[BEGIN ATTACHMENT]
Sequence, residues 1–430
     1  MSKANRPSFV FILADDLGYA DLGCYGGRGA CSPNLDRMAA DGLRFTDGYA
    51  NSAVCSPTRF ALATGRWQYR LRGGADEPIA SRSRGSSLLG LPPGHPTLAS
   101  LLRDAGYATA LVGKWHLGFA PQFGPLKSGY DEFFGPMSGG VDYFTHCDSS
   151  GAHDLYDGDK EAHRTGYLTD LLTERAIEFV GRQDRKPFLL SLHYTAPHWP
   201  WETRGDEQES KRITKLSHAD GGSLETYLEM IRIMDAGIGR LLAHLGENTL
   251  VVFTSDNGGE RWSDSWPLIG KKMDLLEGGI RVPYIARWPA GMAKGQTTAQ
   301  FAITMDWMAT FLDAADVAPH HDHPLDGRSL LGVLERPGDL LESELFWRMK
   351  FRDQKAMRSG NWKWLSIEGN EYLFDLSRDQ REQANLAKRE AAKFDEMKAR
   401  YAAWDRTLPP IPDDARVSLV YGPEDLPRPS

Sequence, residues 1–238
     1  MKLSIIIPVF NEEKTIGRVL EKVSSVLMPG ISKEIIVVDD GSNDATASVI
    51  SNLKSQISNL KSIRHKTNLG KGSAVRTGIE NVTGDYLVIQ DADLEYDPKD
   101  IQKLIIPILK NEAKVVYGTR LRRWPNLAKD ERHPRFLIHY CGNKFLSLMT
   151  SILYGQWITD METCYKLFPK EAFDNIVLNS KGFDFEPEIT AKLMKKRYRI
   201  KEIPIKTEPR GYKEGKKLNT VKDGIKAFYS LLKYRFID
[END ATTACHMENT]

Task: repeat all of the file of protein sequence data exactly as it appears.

Sequence, residues 1–430
     1  MSKANRPSFV FILADDLGYA DLGCYGGRGA CSPNLDRMAA DGLRFTDGYA
    51  NSAVCSPTRF ALATGRWQYR LRGGADEPIA SRSRGSSLLG LPPGHPTLAS
   101  LLRDAGYATA LVGKWHLGFA PQFGPLKSGY DEFFGPMSGG VDYFTHCDSS
   151  GAHDLYDGDK EAHRTGYLTD LLTERAIEFV GRQDRKPFLL SLHYTAPHWP
   201  WETRGDEQES KRITKLSHAD GGSLETYLEM IRIMDAGIGR LLAHLGENTL
   251  VVFTSDNGGE RWSDSWPLIG KKMDLLEGGI RVPYIARWPA GMAKGQTTAQ
   301  FAITMDWMAT FLDAADVAPH HDHPLDGRSL LGVLERPGDL LESELFWRMK
   351  FRDQKAMRSG NWKWLSIEGN EYLFDLSRDQ REQANLAKRE AAKFDEMKAR
   401  YAAWDRTLPP IPDDARVSLV YGPEDLPRPS

Sequence, residues 1–238
     1  MKLSIIIPVF NEEKTIGRVL EKVSSVLMPG ISKEIIVVDD GSNDATASVI
    51  SNLKSQISNL KSIRHKTNLG KGSAVRTGIE NVTGDYLVIQ DADLEYDPKD
   101  IQKLIIPILK NEAKVVYGTR LRRWPNLAKD ERHPRFLIHY CGNKFLSLMT
   151  SILYGQWITD METCYKLFPK EAFDNIVLNS KGFDFEPEIT AKLMKKRYRI
   201  KEIPIKTEPR GYKEGKKLNT VKDGIKAFYS LLKYRFID